Geico may or may not save you a bunch of money on your car insurance, but the company’s facing a class action lawsuit for allegedly overcharging customers in the early days of the pandemic in 2020. The insurer offered credits to policyholders to compensate them for driving less, but many say the gesture didn’t go far enough.
In a San Jose, California, U.S. District courtroom, Judge Beth Labson Freeman gave the green light for a group of plaintiffs to file a class action suit against the insurance giant. Geico’s protest of the suit stated that a class action would be brutal to account for policy details and costs this long after the fact. Lawyers also noted that the suit would fail to account for differences between the lengths of time policyholders were customers and the variations in their policies.
Geico ponied up $2.5 billion in credits in 2020, with up to 15 percent on policy renewals. When COVID-19 almost completely shut the country down, nobody needed to drive, reducing the risk for insurers. Many big-name companies sent checks, gave policy credits, and offered other perks to customers in return.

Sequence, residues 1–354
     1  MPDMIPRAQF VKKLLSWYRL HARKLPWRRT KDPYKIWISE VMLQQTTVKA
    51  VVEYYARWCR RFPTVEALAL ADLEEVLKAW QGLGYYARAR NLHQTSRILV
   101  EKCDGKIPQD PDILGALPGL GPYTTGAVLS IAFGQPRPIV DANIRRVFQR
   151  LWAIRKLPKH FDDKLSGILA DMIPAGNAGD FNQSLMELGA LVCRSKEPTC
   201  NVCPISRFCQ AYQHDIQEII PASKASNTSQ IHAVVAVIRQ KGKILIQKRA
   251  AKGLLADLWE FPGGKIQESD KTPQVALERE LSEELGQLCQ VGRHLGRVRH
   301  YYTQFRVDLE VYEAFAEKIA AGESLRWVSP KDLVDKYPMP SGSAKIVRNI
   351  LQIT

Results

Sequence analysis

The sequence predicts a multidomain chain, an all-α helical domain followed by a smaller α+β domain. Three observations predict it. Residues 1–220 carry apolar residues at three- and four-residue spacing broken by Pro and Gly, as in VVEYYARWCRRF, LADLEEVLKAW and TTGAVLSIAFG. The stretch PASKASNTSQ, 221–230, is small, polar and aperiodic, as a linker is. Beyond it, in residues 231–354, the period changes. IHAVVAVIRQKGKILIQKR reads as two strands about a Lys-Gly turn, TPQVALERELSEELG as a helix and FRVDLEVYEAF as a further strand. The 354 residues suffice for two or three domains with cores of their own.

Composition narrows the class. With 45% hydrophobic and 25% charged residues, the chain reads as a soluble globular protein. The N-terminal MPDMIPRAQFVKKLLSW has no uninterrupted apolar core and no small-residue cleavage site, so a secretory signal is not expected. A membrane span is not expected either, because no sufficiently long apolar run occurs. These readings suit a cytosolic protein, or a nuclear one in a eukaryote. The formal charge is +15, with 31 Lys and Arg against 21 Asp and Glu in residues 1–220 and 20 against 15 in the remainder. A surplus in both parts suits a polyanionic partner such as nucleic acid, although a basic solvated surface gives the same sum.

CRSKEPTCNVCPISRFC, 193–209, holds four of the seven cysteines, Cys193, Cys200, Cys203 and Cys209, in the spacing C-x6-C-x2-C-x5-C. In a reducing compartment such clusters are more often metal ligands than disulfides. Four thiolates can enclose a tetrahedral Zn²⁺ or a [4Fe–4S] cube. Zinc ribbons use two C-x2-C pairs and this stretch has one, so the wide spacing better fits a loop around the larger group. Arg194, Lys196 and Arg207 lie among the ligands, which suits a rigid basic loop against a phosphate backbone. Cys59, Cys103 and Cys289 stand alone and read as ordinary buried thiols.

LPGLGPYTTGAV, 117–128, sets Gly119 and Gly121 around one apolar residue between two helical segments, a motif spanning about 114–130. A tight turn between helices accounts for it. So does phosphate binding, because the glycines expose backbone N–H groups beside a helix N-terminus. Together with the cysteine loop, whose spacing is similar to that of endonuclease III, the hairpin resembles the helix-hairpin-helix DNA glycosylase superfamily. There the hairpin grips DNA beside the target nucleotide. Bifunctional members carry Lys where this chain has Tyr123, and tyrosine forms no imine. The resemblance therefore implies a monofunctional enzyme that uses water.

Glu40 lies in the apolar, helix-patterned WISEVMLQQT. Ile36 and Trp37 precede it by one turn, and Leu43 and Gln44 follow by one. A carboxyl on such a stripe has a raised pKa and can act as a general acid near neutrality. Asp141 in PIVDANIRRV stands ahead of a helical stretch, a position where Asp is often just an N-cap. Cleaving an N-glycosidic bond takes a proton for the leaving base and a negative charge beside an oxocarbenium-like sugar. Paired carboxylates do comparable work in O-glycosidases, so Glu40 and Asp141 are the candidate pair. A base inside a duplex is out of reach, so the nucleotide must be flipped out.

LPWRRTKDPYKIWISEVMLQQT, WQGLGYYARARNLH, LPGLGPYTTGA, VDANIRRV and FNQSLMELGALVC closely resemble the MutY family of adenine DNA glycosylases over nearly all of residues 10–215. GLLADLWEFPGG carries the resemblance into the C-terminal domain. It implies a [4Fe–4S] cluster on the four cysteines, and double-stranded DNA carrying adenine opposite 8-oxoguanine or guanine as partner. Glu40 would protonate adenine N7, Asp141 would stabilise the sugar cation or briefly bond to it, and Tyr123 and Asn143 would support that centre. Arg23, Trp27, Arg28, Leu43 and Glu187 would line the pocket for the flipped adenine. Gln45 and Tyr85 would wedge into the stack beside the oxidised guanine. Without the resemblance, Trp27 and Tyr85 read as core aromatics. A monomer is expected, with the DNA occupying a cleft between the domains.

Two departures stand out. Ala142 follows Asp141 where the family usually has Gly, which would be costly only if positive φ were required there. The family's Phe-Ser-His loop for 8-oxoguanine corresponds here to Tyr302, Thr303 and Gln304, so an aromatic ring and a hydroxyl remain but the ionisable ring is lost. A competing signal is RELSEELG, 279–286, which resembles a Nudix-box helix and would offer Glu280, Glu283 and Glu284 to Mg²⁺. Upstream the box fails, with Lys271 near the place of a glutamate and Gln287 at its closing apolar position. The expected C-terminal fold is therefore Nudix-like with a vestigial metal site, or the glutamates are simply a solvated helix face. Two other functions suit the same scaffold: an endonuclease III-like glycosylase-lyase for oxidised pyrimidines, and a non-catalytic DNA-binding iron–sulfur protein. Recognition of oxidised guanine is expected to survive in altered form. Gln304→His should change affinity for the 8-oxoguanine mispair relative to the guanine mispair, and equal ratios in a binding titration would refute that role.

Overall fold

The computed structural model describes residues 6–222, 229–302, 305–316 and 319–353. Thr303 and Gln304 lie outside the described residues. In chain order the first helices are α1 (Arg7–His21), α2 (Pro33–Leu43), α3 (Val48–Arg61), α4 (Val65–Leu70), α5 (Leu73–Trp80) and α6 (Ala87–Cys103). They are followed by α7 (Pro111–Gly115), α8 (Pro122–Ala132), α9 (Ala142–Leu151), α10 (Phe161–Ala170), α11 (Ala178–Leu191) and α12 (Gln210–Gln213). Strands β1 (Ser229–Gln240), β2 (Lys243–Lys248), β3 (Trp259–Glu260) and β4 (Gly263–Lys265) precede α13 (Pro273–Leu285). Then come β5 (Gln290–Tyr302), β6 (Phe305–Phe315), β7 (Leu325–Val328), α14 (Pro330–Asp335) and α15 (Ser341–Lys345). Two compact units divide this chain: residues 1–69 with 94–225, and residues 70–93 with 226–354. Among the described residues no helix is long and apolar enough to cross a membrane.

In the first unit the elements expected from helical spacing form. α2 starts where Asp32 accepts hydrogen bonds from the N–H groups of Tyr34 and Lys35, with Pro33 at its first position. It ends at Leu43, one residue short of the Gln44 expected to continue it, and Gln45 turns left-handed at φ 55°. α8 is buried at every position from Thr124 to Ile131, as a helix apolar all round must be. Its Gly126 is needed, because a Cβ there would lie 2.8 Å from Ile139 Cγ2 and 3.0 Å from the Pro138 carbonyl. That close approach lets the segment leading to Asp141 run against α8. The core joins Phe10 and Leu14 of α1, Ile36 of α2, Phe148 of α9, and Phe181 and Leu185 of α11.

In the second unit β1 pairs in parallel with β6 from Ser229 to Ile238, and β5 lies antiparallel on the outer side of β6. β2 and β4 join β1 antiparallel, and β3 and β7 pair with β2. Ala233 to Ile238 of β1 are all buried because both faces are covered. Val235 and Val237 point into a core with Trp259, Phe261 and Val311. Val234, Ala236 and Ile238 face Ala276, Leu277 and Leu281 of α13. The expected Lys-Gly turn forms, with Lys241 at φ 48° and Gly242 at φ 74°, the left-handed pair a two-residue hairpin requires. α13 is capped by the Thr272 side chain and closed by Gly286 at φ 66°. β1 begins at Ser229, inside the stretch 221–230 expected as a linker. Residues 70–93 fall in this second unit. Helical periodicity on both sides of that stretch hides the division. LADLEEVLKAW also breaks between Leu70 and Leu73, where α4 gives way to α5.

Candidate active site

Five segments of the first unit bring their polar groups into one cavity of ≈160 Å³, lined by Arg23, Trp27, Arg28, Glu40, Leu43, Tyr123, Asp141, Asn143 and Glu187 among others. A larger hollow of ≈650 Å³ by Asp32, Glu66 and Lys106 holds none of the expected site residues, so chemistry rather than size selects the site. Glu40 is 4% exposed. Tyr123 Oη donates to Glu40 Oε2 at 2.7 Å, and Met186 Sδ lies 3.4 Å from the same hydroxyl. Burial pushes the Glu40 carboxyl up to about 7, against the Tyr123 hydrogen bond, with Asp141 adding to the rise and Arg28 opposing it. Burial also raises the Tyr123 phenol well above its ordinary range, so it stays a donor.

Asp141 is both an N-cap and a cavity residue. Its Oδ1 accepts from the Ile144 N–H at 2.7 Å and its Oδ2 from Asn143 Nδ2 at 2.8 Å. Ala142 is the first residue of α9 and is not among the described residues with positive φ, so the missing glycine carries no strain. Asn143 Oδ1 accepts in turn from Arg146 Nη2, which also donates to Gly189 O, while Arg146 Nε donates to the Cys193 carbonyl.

Though the credits saved money and provided a bit of relief to thousands of people at a time when many had uncertain job futures, insurance companies certainly didn’t lose money on the deal. In fact, many came out of the year with record profits, which is the primary driver of the class action suit. Geico in 2020 reported $3.4 billion of pre-tax underwriting profit, up 127% over the previous year. The plaintiffs believe that Geico’s credits were not commensurate with the profit it earned at the time. The case also takes issue with the insurer’s claim that its actions gave “substantial and full relief.”
This suit is taking place in California, but others are in progress against the insurer. Geico got a similar case in New York dismissed but faces an ongoing legal situation in Chicago. USAA faces a similar suit in California, and it would not be surprising to see others across the industry.